Zonder Kennedy and the Scoville Junkies

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A scoville is a unit of measure that gauges the tongue-searing scorch of a chili pepper. Now, with the arrival of Zonder Kennedy and the Scoville Junkies, the term also plays a role in establishing a new bar for incendiary modern blues — music that echoes the genre’s deep past, but reverberates into the future with daring arrangements, high energy and a keen, lean ’n’ dirty sound.

Zonder Kennedy and the Scoville Junkies“It’s important to keep our approach fresh and immediate,” says Kennedy, whose adventurous life spent ricocheting around the world playing guitar fuels the spirit of his debut album.

“When we were recording we played songs no more than two or three times, and when cut somebody else’s numbers, like Otis Rush’s ‘Ain’t Enough Comin’ In’ or Tom Waits’ ‘Hold On,’ we made up our own structures on the spot. I even wrote songs on the drive up to the studio, to keep things exciting.”

The thrill of those sessions blasts out of the eponymous Zonder Kennedy and the Scoville Junkies. Kennedy’s opening “Devil Walk” sets the pace with a blustery Texas boogaloo that blends fat rhythm riffs with prickly solos and fills, and bends the lines between guitar heroics and pure dance floor butt-waggin’. His time on the New York City punk scene colors the spare, elegant “Blue Garden,” with its percolating beat, space-age keyboard melody and perfectly balanced six-string chug. And the uncanny spontaneity of his trio — which includes bassist Mike Dunn and drummer Bruce Martin — translates the Rush tune into a charging urban strut and, abetted by Kennedy’s bold resonator guitar picking, reshapes “Hold On” into a Delta lullaby.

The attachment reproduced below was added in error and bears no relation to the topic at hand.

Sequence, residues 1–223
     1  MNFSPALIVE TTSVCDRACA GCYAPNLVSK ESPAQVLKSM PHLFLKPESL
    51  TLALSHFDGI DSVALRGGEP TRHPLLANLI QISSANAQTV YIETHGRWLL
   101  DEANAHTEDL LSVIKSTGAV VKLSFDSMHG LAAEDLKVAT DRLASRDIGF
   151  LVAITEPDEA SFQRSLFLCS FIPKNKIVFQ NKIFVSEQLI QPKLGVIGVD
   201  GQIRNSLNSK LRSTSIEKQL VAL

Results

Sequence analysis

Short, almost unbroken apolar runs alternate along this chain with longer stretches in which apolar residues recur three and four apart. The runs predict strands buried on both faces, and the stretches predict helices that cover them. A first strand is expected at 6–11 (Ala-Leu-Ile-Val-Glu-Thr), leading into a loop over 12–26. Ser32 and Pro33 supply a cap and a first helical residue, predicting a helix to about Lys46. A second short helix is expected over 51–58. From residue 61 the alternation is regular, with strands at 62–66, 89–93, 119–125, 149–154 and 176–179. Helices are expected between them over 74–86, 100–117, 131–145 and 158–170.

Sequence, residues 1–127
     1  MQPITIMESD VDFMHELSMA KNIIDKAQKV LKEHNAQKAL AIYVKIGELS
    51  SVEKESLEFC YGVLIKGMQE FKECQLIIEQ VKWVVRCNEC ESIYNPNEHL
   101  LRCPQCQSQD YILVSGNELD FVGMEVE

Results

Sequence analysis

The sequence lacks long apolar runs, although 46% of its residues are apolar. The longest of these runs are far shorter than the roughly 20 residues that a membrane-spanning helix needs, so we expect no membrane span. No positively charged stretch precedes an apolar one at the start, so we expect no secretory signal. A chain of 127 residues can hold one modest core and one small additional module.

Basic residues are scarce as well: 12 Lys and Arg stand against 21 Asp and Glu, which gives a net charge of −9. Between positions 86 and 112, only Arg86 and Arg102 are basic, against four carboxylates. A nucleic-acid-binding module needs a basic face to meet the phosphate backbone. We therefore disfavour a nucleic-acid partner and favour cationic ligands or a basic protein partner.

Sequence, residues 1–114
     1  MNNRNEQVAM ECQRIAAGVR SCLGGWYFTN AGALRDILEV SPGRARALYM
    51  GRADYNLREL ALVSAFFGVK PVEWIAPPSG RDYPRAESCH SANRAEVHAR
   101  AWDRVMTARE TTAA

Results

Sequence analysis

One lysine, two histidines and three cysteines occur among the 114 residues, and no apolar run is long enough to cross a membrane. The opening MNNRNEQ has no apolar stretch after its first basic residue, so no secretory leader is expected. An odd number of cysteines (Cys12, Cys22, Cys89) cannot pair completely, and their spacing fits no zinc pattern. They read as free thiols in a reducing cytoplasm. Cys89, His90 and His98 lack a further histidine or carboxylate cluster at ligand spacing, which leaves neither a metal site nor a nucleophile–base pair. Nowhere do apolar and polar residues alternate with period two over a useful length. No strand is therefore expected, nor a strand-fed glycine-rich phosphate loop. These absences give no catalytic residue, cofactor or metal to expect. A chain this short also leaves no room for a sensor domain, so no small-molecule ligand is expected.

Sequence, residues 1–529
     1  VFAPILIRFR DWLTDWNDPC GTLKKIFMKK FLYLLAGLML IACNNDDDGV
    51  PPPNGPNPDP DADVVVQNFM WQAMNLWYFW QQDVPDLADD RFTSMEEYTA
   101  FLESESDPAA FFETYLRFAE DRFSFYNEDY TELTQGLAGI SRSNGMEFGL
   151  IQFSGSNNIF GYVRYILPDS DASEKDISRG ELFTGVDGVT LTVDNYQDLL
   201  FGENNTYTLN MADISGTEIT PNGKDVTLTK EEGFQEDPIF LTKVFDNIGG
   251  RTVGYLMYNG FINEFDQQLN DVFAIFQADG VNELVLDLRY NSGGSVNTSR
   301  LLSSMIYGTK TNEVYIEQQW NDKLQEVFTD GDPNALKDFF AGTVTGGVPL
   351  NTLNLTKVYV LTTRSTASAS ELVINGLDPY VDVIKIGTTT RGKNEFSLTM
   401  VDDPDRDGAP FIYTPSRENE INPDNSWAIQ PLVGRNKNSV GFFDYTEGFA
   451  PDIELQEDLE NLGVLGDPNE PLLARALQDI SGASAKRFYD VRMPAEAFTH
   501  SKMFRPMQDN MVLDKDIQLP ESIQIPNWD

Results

Kennedy’s songwriting draws on all sorts of elements from his past: his family, his love of fiery foods, the colorful collection of characters and places he’s known during 45 years of living a rich musical life that culminates now in his first album as a bandleader.

“My mother does have a blue garden at her home on Martha’s Vineyard,” he explains. “And ‘Jalapeno’ with ‘the house with no front door’ in ‘Devil Walk’ is Jalapeno Charlie, a guy I used to know in Austin whose house literally had no front door.”

One of the most important figures in Kennedy’s past is the dynamic bluesman John Campbell. They met while Kennedy was living in Manhattan in the late ’80s. Campbell was a salesman at Matt Umanov Guitars in Greenwich Village, and their friendship sprang up around their mutual love of blues.

After Campbell was signed to Elektra Records, Kennedy joined him as guitar foil and co-writer. They traveled the world for three years, playing as many as 250 dates annually and sharing stages with a roster of blues and roots legends that included Buddy Guy, Eric Clapton, Bob Dylan, the Allman Brothers and the Black Crowes, Johnny Shines, Dr. John and Jessie Mae Hemphill.